To provide some additional future speculation:
It seems likely to me that this will then lead a pseudo-revival of Brutalist architecture, but modified by knowledge we have today, with structures appearing, paradoxically, as both more organically rounded (hence the pseudo-, since that won't match the Brutalist style) AND more synthetically jagged.
I say this because:
1. It seems almost certain to me that any such 'new concrete' would end up a lot less grey than Portland cement, if you look at Roman concrete as an example, both normal Roman concrete and Roman marine concrete have a color significantly less grey than normal Portland concrete. Adding Titanium dioxide and other materials innovations to that would likely shift this further into a more white-ish hue.
2. It seems highly likely to me that they'll modify the Trichoderma reesei from the parent article to include bioluminescence. Likely for the purpose of making it easily tracable in the concrete as part of research. And then someone in the lab will go "wow that looks pretty". Combine this with what I've already pointed out and you'll get very crazy looking buildings.
3. We know a lot more about the geometry of architecture than we did in the last century. For examples, see here:
* Everything ever done by Christopher Alexander (https://en.wikipedia.org/wiki/Christopher_Alexander)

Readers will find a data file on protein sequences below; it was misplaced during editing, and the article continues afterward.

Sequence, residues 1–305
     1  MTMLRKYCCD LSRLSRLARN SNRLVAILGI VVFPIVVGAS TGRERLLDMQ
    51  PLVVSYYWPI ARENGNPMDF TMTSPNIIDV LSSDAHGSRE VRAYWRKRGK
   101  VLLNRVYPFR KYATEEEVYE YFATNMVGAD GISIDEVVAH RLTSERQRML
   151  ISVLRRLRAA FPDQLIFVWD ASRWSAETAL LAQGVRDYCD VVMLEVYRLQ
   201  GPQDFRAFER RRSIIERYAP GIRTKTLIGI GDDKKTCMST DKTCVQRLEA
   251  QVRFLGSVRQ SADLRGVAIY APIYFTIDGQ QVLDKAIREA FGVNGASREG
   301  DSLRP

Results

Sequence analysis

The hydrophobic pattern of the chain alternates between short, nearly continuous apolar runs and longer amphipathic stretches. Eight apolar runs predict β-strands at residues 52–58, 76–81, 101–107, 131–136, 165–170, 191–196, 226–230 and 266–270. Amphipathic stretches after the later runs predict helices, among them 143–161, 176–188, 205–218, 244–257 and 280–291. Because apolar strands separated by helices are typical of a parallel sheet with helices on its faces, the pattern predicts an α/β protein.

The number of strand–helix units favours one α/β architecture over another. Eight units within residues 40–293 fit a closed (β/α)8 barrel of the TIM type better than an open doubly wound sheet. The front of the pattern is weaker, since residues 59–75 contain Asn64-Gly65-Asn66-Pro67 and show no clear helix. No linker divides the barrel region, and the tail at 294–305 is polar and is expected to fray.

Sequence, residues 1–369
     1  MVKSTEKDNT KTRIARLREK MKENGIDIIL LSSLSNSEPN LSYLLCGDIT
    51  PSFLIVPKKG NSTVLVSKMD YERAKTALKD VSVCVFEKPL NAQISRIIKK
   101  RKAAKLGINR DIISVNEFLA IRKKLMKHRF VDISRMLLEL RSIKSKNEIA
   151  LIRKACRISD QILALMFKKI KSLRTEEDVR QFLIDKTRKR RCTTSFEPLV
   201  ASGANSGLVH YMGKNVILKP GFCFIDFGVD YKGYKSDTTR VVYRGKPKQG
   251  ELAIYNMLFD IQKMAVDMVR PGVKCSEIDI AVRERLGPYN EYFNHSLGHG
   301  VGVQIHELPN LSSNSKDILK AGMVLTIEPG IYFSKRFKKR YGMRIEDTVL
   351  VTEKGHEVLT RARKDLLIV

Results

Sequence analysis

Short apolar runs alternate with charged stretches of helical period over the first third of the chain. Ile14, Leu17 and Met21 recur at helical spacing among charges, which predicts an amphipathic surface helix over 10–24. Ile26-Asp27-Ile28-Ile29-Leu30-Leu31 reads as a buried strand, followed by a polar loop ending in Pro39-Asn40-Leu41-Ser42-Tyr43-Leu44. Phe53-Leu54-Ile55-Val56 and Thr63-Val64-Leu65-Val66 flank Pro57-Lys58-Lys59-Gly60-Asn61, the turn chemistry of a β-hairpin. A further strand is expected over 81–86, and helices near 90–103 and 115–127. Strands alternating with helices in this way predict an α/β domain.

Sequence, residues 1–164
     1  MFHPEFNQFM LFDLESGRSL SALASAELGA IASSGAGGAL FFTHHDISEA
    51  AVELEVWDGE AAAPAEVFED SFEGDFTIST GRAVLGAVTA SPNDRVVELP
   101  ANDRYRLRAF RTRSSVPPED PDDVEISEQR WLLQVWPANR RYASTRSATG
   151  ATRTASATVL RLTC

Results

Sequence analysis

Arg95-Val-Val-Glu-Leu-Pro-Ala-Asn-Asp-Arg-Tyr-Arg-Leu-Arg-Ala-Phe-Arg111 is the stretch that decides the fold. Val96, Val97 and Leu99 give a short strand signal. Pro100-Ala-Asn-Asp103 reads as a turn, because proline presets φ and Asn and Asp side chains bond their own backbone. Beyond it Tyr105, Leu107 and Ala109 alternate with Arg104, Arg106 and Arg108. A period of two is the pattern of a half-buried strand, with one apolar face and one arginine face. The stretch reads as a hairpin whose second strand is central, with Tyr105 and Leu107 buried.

And many more reason I don't have the capacity to go into right now, consider this only the tip of a very large iceberg.
The point is that the vast majority of modern concrete, especially using rebar, will last decades compared to some Roman concrete, which has lasted millenia.
>The seawater instantly triggered an exothermic chemical reaction. The lime was hydrated – incorporating water molecules into its structure – and reacted with the ash to cement the whole mixture together.
CACO3 -> CAO + CO2
Plus the CO2 released by fuel used in the burning process.
A developer recently built a 20 story apartment building next to my office window using entirely a reinforced concrete frame. I was incensed to find out that because of "concrete cancer" , the lifespan of that building may be less than 70 years. But the more I thought about it, the more I began to believe that maybe the additional lifespan is not an asset. The building is attractive today, but might not (probably won't) appeal to people 40 years from now. Furthermore, buyers are going to want different things from their homes (look at the popularity of open kitchens 40 years ago vs now). And I began to realize that it would be
quite difficult to design and build a building that would be useful beyond 70 years from now.
Another way to look at it is that the marginal value of 10 years of longevity is not that large out 80-90 years. I think you'd have a difficult time finding a developer who would pay 10% extra to get a building that lasts 100 years instead of 90.